The house on Linden Street remained in the hands of the family until two years before my grandmother’s death, which occurred when I was fifteen.  My mother was with her at the end; she had taken my brothers and me to visit her a few months before.  By then I had reached the age of conscience: I regretted my revulsion from her infirmity, and tried to make amends; and I sympathized with my mother’s loss.  Yet it was the sale of the house, that refuge with its deep deposits of former life, center of a unity not to be reconstructed, that felt like irretrievable disaster.  Years afterwards, when I heard people in Jerusalem talking about the destruction of the Temple, I thought of the sale of my grandmother’s house.  “A house by definition is a place in which to find shelter, comfort and express our identity,” as a recent essay by Rebbetzin Tzipporah Heller puts it.  I’ve often wondered whether in every life there is some event that corresponds to this destruction, and whether, if all these memories were collated, we’d find some clues as to how to rebuild.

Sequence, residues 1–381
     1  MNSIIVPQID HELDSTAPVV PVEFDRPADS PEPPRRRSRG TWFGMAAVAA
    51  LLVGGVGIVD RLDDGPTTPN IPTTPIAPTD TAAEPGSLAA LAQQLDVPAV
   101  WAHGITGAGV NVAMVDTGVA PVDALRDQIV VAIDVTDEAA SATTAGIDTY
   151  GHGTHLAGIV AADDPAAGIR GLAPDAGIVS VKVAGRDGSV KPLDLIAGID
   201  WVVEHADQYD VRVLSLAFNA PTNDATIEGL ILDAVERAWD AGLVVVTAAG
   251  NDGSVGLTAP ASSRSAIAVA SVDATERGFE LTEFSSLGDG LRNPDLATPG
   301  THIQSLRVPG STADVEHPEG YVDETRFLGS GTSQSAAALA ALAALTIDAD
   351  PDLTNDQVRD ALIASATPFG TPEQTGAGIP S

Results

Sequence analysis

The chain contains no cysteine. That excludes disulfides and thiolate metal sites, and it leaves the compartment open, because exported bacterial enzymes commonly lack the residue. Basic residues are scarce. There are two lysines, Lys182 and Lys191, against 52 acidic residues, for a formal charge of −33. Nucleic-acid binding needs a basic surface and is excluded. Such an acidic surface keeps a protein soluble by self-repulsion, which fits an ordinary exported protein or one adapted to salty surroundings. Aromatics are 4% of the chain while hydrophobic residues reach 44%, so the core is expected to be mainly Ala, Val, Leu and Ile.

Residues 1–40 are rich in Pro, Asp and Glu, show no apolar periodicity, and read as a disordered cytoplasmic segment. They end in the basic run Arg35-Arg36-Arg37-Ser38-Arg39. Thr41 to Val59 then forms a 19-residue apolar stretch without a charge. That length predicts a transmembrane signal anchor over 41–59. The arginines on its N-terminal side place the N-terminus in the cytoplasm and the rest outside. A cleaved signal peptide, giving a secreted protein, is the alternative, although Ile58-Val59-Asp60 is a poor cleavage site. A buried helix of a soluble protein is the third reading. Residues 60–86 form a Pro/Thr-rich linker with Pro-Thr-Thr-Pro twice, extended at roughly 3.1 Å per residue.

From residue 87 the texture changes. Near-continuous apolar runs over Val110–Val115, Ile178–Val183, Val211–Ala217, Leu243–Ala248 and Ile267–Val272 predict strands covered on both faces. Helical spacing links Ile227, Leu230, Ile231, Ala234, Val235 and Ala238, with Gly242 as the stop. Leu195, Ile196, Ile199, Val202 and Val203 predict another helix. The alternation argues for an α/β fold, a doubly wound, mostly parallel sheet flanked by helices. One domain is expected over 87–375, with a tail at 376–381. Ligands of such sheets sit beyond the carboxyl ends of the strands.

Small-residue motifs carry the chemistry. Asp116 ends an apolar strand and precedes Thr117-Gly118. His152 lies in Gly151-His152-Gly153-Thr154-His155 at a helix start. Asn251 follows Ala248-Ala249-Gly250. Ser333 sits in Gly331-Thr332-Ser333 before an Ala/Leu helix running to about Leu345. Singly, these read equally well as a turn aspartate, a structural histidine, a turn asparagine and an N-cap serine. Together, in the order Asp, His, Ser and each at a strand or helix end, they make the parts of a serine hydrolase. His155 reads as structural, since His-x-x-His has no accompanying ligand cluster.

My grandmother’s house was, I suppose, my first real passion; and happens with such early loves, I had kept trying to find analogues to it in later life.  I had found one the year before, in Isadora’s house on Derby Street; it had inspired a little poem that never seemed to me quite satisfactory, but for what it’s worth:


                        Summer or winter, this room imposes

                        a sentence of cool decorum in the presence

                        of last-years hiding in the paneled walls.

                        It is a lucent forest shadow, where things

                        and seasons out of favor take their ease:

                        in this bright bowl of dried chrysanthemums

                        autumn is resting.  From without the silence comes

                        birdsong falling with the sweetness of all sounds

                        that have forgotten us.  Forgetting, the hand closes

                        on agates, glass.  Unseeing, eyes stare